Category Archives: Administration/Leadership

Use for postings that discuss the administrative aspects of academic librarianship, including managing and leading in the field.

The Academic Librarian’s Identity Conflict

Just exactly what role do we play in higher education? Where do we fit into the structure of colleges and universities? On a day-to-day basis I suspect that most of us don’t think about this question. We identify ourselves within the structure of our own academic library organizations: cataloger; reference librarian; bibliographer. Our identification may also be shaped institutionally: professional staff; administrator; faculty. But when we attempt to identify ourselves on the industry level, where we sit becomes less concrete.

Identify is important to our sense of self-worth and self-esteem. When our identify is called into question, we may feel threatened or less secure about our standing in the organization. While in our library organizations we have a fairly specific identity, within the grander scheme of higher education academic librarians – no matter what their position or title – tend to get grouped into one of two categories: administrator or support staff.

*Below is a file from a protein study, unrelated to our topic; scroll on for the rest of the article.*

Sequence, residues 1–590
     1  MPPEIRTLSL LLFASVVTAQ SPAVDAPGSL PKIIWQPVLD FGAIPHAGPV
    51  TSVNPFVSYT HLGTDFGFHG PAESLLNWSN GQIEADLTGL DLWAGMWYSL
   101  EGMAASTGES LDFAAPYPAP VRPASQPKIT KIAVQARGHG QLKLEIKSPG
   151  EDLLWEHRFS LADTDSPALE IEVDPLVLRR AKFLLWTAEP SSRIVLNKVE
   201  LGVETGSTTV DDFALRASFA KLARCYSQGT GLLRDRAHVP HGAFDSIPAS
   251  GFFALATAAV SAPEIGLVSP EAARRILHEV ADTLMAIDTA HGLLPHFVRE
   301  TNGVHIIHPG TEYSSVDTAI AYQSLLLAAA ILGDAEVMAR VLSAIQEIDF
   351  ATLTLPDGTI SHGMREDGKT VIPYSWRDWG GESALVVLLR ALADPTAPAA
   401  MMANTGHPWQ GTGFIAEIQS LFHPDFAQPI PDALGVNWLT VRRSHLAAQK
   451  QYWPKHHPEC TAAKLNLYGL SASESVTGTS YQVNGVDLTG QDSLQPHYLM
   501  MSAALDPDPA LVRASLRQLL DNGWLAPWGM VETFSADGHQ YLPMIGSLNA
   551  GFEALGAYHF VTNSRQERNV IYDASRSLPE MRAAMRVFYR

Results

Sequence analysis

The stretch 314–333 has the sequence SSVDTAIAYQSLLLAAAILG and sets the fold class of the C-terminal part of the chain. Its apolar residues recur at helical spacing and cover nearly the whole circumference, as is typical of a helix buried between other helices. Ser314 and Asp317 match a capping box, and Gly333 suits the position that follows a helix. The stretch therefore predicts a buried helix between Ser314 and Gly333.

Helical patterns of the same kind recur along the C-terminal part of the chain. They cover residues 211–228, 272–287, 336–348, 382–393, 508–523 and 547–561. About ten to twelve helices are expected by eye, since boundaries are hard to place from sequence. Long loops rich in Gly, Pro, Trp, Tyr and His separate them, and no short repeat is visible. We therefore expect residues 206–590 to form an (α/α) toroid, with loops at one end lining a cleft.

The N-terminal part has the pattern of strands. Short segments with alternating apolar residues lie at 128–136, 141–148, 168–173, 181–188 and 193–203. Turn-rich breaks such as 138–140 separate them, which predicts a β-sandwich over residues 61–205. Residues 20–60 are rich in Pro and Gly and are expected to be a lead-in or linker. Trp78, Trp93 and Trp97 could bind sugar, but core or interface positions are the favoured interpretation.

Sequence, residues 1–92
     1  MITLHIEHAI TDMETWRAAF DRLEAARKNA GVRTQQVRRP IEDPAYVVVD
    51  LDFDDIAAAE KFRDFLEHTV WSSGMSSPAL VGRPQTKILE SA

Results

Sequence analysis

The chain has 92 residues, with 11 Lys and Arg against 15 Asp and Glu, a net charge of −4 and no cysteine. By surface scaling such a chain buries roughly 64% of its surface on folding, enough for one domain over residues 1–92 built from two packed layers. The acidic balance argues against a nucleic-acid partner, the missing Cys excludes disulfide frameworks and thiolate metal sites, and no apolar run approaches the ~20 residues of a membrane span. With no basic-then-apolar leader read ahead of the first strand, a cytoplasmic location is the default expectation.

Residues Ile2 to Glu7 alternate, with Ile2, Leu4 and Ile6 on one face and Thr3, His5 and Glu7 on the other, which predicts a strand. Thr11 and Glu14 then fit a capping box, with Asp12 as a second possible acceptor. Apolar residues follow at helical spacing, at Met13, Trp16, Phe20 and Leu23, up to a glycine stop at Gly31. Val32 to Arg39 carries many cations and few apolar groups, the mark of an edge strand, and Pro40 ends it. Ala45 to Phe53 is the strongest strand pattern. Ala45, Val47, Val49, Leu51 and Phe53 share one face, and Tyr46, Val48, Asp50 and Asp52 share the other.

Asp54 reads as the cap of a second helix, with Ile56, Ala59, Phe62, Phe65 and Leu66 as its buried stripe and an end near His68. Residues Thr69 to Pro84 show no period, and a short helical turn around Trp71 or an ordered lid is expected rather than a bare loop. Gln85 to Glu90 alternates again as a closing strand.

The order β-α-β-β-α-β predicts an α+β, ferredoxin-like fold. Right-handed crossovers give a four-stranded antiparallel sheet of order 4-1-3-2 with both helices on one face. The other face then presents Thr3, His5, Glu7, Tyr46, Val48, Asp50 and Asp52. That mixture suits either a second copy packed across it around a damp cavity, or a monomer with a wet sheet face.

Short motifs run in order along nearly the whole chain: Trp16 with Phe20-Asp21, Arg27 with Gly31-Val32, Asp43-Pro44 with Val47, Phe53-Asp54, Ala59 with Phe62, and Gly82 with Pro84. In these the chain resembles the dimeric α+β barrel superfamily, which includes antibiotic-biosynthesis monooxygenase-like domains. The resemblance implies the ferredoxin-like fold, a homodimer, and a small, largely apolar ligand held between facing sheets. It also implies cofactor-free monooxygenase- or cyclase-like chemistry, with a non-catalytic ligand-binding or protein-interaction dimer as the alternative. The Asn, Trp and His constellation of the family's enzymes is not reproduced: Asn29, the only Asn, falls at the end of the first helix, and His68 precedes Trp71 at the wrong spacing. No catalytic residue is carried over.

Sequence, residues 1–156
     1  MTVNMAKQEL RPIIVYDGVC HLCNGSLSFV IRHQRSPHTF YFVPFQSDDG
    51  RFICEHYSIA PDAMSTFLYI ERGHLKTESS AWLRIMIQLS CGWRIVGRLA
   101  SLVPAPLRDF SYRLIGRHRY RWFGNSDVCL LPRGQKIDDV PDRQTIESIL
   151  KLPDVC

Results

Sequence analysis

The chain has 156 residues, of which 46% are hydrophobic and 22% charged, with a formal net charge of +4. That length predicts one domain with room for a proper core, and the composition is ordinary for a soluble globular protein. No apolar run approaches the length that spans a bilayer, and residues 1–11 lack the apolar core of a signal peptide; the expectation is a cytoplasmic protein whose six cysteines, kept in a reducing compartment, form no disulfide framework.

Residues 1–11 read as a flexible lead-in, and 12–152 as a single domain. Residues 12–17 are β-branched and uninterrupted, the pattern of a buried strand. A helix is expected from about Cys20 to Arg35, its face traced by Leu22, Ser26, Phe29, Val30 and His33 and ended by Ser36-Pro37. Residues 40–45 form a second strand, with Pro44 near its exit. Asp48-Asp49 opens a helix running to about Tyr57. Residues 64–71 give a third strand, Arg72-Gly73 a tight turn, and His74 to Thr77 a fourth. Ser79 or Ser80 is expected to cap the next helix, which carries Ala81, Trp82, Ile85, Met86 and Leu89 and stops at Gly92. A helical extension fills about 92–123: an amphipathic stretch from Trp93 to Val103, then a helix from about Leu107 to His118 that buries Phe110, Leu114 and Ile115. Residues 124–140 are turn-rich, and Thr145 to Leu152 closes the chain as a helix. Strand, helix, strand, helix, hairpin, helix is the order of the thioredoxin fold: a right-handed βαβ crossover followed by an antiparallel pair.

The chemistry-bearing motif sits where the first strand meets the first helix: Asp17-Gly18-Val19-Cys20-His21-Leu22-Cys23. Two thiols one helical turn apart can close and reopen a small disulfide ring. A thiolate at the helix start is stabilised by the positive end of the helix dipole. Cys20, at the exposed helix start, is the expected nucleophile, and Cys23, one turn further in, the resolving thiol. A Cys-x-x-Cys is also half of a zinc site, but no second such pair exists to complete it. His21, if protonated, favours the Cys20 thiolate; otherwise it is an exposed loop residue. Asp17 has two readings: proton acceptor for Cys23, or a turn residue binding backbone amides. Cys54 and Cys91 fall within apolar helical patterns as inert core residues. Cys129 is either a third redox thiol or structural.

Most academic librarians working elsewhere than the administrative office do not think of themselves as administrators. You teach a few dozen instruction sessions a year, and that makes you an instructor – not an administrator. You say you have faculty status and that makes you a faculty member – not an administrator. When you work at the reference desk you help students with their assignments which is another way of helping them learn – definitely not administrator territory. I agree with you. Front line librarians spend considerable time on non-administrative matters that would be identified as “teaching” or “instruction”, whether it happens in a classroom, at the answer desk or in a hallway. But when national data about higher education are collected and reported, we tend to be grouped in with administrators or support staff – not instruction staff.